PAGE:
September 23, 2015 by Lyn Thorne-Alder
Enrie glared at Saydrie, feeling more than a little betrayed. Leave her down here, alone, with—
“I’ll come with you two.” Professor Pelnyen stood up. “You’re not getting away from me that easily.”
Just a few short minutes later, Enrie studied the Empress Otyeriotanerio final outfit while she watched her team and Pelnyen leave the downstairs. She could hug Saydrie! At the very least she owed him an apology for that glare.
When she was certain that they were gone, she hurried furtively into the All-Thought section. There were three books she wanted – ones she’d looked at the night before but not picked up, considering she had been trying to butter Pelnyen up, not discredit him.
She paused between the All-Thought school and the treaties. It wouldn’t hurt to spend a little time reading treaties too, would it? Equal time with the Philosophy work?
She didn’t try too hard to talk herself out of it. She was feeling the effects of last night’s late Philosophy studying and she was already sick unto death of the All-Thought school. It was such inane drivel, it was no surprise Pelnyen liked it.
She grabbed four of the oldest books she could find on treaty law and hurried back to the Textiles section. She didn’t put it by Pelnyen not to sneak back to check on her.
There was a lot to read. There was always a lot to read in Edally; Edally seemed to be built on the idea of assigning as much reading as was humanly possible and then ten percent more, just to encourage students to be super-human. Enrie laid out three pieces of paper for notes and began working: a few minutes on Grandma-Empress Otyeriotanerio, a few more on the concept of Humanic Aether as it applied to All-Thought, and then some notes on ancient Calenyena treaties.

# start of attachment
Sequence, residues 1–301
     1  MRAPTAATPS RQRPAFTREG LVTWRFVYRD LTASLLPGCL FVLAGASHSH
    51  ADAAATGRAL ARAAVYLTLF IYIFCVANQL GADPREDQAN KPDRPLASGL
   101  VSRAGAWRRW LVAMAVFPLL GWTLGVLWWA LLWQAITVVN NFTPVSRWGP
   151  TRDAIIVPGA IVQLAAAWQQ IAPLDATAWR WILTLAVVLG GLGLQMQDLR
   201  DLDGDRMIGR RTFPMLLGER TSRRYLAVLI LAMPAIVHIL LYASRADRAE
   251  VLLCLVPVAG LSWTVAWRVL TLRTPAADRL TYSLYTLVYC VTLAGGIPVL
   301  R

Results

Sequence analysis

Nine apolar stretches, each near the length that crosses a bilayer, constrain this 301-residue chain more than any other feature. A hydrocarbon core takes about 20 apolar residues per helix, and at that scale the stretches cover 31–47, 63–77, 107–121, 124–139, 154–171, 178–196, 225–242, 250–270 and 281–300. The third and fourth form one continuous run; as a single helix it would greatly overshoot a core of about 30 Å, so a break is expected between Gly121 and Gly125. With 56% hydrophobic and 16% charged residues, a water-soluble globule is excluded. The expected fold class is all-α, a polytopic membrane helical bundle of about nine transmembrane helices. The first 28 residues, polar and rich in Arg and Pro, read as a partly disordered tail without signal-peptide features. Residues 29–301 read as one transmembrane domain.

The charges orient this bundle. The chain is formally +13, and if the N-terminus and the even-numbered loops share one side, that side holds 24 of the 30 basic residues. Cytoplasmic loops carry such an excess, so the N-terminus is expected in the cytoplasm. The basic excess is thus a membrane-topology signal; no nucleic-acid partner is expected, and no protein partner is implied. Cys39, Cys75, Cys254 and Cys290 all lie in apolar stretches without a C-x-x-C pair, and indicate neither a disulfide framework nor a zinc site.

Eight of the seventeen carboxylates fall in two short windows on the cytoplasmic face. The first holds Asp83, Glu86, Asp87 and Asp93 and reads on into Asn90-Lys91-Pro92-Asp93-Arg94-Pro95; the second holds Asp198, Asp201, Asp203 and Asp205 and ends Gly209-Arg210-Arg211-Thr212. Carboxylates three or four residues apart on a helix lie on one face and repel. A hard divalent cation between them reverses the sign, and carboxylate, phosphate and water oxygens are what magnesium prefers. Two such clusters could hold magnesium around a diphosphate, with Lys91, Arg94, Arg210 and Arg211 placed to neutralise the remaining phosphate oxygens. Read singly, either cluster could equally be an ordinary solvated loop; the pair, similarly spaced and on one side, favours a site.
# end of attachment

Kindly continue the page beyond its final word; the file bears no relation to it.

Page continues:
For a land that only had three nations in recorded history and had only one for the past five hundred years, Calenta had a lot of treaties. The records showed that over two-thirds of them had been broken at some point or another — cease-fires, peace treaties, non-interference agreements — but they were still important, so her teachers and her parents told her, because of their historical significance.
Of course, it would do her no good to read the actual treaties. Lovdyo had gone looking for them, and he probably wouldn’t have been so distressed if he hadn’t done due diligence searching for the document. He’d said he couldn’t find a reference, but he had to have found something, or he’d never have known something was missing.
She could, Enrie realized, just ask Lovdyo. But getting him alone – away from his roommates, away from his team – would be tricky.
Besides, ferreting out the answer on her own was more fun.
It was on the third read-over of the same page that Enrie found it. The document was written in an older form of Calenyen, the letters drawn with a brush instead of a pen, so it took a few readings to get all of the meaning.
“…called the Treaty of the Coffee, a document signed in the Arran city of Federent…”
Enrie wrote the line in her notes, then turned back to the document she’d been reading.
The line on the Coffee Treaty was gone.